# How to handle the RRIF dilemma

I keep getting desperate e-mail messages from RRIF investors seeking help. They’re caught in a bind between economic reality and government policy and don’t know where to turn.

The problem has two facets.

1) Under existing law, you’re required to withdraw a minimum amount of money from a RRIF every year. Up to age 70, the amount is calculated by dividing the value of the RRIF on Jan. 1 of any given year by 90 minus your age on that day. So a 65-year-old with a RRIF worth \$100,000 would have to withdraw at least \$4,000 that year. For those 71 and older, the government has established a withdrawal scale that increases each year. At 71, it is 7.38 per cent of the plan’s value, at 75 it is 7.85 per cent, etc. (Note: this scale applies to RRIFs created after Jan. 1, 1993; earlier plans have lower withdrawal minimums.)

2) With interest rates so low, investors find that they can’t generate enough cash flow from traditional income sources like GICs and bonds to offset the withdrawal requirements and the older they get the more difficult this becomes because of the ever-increasing minimums.

The net result is that ny retirees are encroaching on their capital at a much earlier stage than they had anticipated in order to meet the government requirements, thereby creating the possibility of a real financial crunch in the future.

Consider, for example, the plight of a 72-year old with a \$50,000 RRIF who has invested the entire amount in GICs – not uncommon, incidentally. Under the law, she must take \$3,740 from the plan this year. But the current interest rate on five-year GICs at the major banks is about 3 per cent. Even if she is using a laddered approach, her average return is unlikely to be more than 4 per cent. That means the RRIF is only producing \$2,000 income each year – slightly more than half of the total she must withdraw. It doesn’t take a mathematician to figure out that the principal is going to erode very quickly at this rate.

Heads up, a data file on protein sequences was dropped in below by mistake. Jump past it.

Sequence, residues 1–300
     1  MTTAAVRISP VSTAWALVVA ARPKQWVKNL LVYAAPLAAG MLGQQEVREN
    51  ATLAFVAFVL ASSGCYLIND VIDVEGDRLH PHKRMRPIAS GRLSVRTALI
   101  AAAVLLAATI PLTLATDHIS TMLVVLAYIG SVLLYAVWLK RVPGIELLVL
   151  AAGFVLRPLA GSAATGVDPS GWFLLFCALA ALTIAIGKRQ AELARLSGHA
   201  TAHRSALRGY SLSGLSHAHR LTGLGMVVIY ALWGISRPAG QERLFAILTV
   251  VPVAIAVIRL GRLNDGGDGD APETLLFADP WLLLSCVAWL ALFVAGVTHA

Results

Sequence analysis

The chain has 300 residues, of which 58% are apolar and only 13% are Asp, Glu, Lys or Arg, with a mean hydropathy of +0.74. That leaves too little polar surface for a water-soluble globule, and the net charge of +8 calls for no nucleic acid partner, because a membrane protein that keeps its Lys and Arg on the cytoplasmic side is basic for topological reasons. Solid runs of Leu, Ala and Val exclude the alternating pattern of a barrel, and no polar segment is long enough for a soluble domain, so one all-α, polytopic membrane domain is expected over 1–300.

The federal government could easily solve the capital depletion problem by greatly reducing the minimum withdrawal requirements or tying them to a fluctuating rate, such as the average T-bill yield. But thus far, no one in Ottawa has shown any inclination to propose such amendments, despite representations from seniors’ organizations like CARP.

So the ball is in the court of individual RRIF investors. Either be content with low returns and watch the value of the plan decline, or create a portfolio that will generate the required cash flow to at least meet the government minimums.

Next page: Taking on more risk

The second option requires taking on more risk. GICs, T-bills, mortgage funds, and short-term government bonds simply won’t do the job. So you’re faced with a fundamental decision: do you invest in higher-risk securities in order to produce more cash flow, or do you stay with low-risk assets and accept the inevitability of a steady decline in your capital?